A general to guard them

Huntington Beach Central Library permanently installs a replica warrior statue thanks to the Chamber of Commerce.

September 29, 2010|By Michael Miller,
  • Stephanie Beverage, director of the Huntington Beach Central Library, talks about a replica of a Terra Cotta warrior from China that is on display at the library.
Stephanie Beverage, director of the Huntington Beach… (SCOTT SMELTZER,…)

The general was discovered in the ground next to his chariot, clad in a double-layered gown with armor on the chest and feathers on his head. His left palm spread out in front of his waist, possibly to steady the handle of a sword that had since been broken off.

Whether the statue, unearthed in 1974 in the Chinese city of Xi'an, was modeled after a specific person or just a generic type is up to guessing. He was found along with more than 8,000 other life-size terra cotta figures when a farmer, drilling a well, inadvertently hit upon a treasure trove near the tomb of the first emperor of China.

Whatever his true identity, he's the new center of attention – in replica form, anyway – on the main floor of the Huntington Beach Central Library.

The city's Chamber of Commerce, which went on a series of trips to China over the last decade, received a replica of the statue as a gift early this year from Citslinc International, a Monterey Park-based agency that sponsors tourism between the United States and China. The chamber gifted it in turn to the library, and after several months of installation, the Terra Cotta Warrior, as he's known, went on display in July.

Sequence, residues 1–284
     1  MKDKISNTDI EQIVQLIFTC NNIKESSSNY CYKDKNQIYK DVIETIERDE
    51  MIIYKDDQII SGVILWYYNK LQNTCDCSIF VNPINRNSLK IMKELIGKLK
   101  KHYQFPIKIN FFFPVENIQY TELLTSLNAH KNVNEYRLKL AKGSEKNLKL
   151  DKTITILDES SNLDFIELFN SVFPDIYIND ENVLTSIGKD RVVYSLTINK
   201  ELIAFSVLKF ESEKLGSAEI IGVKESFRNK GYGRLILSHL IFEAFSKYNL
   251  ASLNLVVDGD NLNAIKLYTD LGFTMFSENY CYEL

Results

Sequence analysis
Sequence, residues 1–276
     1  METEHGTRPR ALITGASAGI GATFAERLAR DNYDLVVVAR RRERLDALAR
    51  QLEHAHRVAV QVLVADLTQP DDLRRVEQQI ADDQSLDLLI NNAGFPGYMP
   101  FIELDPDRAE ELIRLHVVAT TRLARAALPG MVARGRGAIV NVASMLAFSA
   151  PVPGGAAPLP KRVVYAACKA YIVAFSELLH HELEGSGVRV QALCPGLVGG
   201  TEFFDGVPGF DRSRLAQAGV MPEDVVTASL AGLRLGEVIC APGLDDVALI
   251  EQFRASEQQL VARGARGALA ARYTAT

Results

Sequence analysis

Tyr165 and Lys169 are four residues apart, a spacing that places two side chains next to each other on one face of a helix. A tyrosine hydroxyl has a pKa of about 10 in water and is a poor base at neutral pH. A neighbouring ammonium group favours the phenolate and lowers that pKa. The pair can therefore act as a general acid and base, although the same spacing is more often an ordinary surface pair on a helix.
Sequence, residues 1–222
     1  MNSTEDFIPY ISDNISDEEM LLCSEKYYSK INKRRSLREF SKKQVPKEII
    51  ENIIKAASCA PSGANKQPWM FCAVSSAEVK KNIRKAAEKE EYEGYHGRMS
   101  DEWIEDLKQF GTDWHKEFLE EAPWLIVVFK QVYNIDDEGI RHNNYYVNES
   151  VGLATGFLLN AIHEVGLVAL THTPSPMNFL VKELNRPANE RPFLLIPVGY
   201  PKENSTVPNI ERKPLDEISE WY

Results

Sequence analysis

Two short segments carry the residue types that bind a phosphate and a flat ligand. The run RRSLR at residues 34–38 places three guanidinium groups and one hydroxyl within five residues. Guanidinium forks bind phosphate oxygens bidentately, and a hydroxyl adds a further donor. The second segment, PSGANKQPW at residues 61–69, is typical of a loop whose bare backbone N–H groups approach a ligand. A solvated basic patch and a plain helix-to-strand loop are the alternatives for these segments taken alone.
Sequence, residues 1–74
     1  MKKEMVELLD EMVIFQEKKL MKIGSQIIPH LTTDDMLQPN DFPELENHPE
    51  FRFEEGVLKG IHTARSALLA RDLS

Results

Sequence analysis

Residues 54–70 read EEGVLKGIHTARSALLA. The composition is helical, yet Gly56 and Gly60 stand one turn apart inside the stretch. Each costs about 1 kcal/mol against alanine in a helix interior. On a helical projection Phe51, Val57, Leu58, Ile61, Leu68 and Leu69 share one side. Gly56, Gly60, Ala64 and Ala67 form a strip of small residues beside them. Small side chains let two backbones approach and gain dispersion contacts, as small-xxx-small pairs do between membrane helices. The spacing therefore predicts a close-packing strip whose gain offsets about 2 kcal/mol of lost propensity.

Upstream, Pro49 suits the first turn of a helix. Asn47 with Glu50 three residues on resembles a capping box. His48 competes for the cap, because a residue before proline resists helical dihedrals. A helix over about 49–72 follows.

The library hosted a ribbon-cutting ceremony Sept. 22 to officially welcome the 6-foot statue as a permanent fixture outside the library's art gallery.

"I had a feeling of pride that the chamber was able to do something for the community, that historically, children can go there when they're studying China and see it," said Joyce Riddell, the former president of the chamber who facilitated the donation before stepping down in 2009. "Residents can go there. It can be something residents might want to see when they're in Huntington Beach. It's so impressive, you can't miss it, and it's so different.

"When you look at it, you know it's not a phony plastic thing. It's made out of clay."

The first emperor of China had the figures, mostly of military men, built to protect him in the afterlife and sealed along with him in his tomb. The site where the figures were unearthed has become a popular tourist attraction, along with modern-day factories that create detailed replicas.

Riddell, who toured the unearthing site, said the replica is virtually pitch-perfect. It stands about the same height as the real statue and is made out of the same terra cotta material. It also weighs about 400 pounds, and when it arrived by crate outside the library, it took four muscular security guards to wheel it inside, according to Stephanie Beverage, the city's director of library services.

Now, the statue occupies a serene spot — Beverage calls it a "contemplative area" — between the art gallery and a picture window, which displays a waterfall outside.

"It's a true army, so there are replica members of each part of the army," she said. "We were lucky enough to get a general."

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